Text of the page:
Garland, Texas—Two Islamic Jihadists armed with AK-47s arrive at a private venue with the intent to inflict mass murder. They begin by shooting and wounding a security officer. According to reports, a 60-year-old traffic officer from Garland PD returns fire, shooting and ultimately killing both terrorists.
Facing 7.62×39mm fire from two terrorists, the officer accurately delivered fire, neutralizing both threats. Skill and ability like that does not fall from the heavens, folks. Training is the key.
Let’s be brutally honest, shall we? Police use of deadly and non-deadly force has been under the microscope for the last couple of years; at the same time that many, if not most agencies are cutting training in both of these categories. Amazingly, in their place, politically correct training such as “implicit bias,” “cultural sensitivity,” “de-escalation,” and “cultural diversity training” is being pushed.
Police officers already do most of this: i.e.; de-escalation. I mean, come on folks. According to one police critic, there are on average 63 million police-citizen contacts a year. Yet, according to the Bureau of Justice Statistics in 2008, 1.4% of those contacts involved the threatened use of force by police. American police practice de-escalation each and every day in this country. Further, in a June 2012 study published in the FBI Bulletin, Restraint in the Use of Deadly Force: A Preliminary Study, authors Pinizzotto, Davis, Bohrer and Infanti found that of the officers surveyed, “…70% responded that they had been involved in at least one situation where they could have discharged their firearm in the performance of their duties but chose not to fire.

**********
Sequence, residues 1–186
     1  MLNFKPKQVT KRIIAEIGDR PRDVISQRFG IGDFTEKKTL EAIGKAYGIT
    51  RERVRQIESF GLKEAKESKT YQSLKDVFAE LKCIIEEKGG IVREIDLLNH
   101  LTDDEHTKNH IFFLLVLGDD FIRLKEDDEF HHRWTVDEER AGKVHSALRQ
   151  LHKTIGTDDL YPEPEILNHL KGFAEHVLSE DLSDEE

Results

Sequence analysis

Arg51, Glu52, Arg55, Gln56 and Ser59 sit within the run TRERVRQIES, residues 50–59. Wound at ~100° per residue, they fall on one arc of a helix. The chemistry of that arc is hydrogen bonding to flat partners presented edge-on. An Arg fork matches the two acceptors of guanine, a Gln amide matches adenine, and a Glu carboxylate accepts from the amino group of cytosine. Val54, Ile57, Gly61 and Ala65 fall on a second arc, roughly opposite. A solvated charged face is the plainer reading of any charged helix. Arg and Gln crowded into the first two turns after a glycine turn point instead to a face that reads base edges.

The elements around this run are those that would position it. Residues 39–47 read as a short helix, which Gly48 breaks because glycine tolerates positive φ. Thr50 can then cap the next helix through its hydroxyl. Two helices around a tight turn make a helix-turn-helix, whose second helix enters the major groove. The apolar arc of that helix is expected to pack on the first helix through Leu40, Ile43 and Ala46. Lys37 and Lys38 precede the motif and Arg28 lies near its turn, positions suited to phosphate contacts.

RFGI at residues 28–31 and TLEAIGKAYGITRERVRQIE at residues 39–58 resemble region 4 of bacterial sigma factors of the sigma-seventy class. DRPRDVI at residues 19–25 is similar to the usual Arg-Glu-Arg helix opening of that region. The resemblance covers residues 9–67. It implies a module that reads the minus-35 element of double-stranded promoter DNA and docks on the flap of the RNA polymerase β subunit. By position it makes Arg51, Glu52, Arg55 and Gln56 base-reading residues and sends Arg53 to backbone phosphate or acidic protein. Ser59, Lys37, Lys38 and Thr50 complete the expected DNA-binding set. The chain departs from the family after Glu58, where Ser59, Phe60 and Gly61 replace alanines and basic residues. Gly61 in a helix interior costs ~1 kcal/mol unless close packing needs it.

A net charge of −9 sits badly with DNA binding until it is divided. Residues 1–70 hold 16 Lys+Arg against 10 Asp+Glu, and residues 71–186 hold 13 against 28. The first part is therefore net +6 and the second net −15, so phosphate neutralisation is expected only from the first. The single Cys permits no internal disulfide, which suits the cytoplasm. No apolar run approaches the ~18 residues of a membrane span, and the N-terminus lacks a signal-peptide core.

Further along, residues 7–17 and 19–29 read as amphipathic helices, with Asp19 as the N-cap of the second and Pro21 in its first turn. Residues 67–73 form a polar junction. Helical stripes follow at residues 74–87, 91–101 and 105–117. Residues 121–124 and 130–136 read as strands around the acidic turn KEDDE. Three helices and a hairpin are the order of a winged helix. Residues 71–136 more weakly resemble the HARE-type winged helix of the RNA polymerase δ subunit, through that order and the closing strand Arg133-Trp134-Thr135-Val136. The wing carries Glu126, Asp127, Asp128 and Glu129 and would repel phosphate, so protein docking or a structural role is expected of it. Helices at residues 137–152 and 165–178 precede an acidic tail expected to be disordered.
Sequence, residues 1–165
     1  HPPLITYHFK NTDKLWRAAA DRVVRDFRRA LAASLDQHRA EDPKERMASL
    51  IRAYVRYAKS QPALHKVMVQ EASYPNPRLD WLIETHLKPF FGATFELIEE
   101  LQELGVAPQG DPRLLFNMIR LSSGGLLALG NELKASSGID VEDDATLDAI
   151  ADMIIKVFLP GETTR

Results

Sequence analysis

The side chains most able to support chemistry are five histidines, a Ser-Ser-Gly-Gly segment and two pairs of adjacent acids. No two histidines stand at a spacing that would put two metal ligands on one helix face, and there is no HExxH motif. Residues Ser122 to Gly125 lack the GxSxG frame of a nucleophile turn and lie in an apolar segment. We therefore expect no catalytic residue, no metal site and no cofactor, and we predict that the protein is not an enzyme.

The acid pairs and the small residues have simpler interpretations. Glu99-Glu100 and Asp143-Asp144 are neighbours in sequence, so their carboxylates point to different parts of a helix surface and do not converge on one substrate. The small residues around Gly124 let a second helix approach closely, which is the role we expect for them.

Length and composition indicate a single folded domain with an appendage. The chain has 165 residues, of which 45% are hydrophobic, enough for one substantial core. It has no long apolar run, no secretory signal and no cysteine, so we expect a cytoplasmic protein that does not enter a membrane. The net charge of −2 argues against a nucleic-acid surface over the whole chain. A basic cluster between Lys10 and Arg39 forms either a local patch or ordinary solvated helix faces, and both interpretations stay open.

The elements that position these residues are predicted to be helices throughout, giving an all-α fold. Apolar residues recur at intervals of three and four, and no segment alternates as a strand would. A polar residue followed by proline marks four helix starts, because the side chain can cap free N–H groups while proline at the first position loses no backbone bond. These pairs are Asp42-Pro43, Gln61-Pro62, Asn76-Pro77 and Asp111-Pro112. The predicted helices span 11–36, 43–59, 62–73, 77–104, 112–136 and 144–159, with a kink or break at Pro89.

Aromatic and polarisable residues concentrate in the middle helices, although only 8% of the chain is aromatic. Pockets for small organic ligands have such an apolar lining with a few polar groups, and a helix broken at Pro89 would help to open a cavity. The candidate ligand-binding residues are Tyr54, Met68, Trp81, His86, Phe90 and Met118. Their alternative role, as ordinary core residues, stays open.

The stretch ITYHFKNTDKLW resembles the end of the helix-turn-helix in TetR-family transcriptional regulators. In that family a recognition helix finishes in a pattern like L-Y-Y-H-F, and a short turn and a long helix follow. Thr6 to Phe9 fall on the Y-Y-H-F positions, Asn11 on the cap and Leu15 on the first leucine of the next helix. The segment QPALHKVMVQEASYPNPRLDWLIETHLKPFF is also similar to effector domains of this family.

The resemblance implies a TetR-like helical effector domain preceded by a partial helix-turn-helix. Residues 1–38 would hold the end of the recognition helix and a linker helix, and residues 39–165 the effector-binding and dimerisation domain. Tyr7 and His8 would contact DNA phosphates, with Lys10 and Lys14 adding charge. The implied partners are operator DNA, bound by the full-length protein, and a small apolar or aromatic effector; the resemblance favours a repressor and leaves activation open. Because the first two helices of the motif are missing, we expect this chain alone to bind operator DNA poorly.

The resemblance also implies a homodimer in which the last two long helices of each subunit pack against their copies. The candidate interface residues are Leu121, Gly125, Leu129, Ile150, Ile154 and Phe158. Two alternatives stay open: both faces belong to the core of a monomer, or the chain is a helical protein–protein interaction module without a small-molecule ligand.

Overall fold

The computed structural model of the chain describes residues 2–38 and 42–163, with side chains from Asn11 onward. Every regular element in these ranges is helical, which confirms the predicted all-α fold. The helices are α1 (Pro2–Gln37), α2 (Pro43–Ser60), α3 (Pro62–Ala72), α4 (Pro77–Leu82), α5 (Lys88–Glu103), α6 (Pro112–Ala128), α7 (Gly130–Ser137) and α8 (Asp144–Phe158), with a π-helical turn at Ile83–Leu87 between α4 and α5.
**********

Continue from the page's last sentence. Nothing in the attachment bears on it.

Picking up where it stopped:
The same police training critics have actually stated that relevant and realistic training such as officer survival programs are the reason we have bad uses of force. For the record, since such training entered law enforcement circles in the ’80s we have had less officers killed. The main reasons for these reductions are widespread use of body armor, advanced trauma care in the field and in hospital emergency departments, and realistic training.
The other, PC training has no proven relationship between complaint and use of force reduction. Why do it then? So we can say we did. If agencies feel compelled to do this training and other PC programs, one-hour videos can suffice. This training will not have an impact on officers, will not change “implicit bias” (whatever that is), and should not waste valuable training time.
So let’s be clear on this: At a time when all aspects of use of force, decision making by police and use of force investigations are under intense scrutiny by the media and public, we have scaled back on the same. Politician’s comments such as, “I’m not going to pay for officers to have their asses in seats while training,” are, quite simply, negligent and malfeasant. I suppose the terms “deliberate indifference” or the Canton v. Harris case have been forgotten?
Controlling the SNS Reaction
It is referred to by other names, such as “fight or flight,” or “body alarm reaction,” but the SNS response can seriously impair an officer’s judgment and skill performance. A process that starts in the brain with the secretion of a hormone cascades into a wide range of physiological and psychological changes within an officer’s brain and body. Now, make no mistake, optimum performance is also a result of the SNS response. Our valiant Garland, Texas, copper achieved his amazing hits on target operating within his. The difference is that he was not overcome by it.
The SNS reaction causes changes in the way we think, see, hear, move, process information, how our blood circulates and how we breathe. These changes can improve performance—think an NFL player at the Super Bowl; but it can also adversely impact performance—think an officer who freezes in place or cannot draw his handgun.
Optimum performance is a result of the SNS response when officers are confident in their abilities based on achieved competence in their skills. This confidence/competence connection is vitally important for solid decision-making under stress and performance of the skills necessary to control a violent or resisting individual. Further, officer confidence/competence is perceived by subjects on the street and less force is actually required.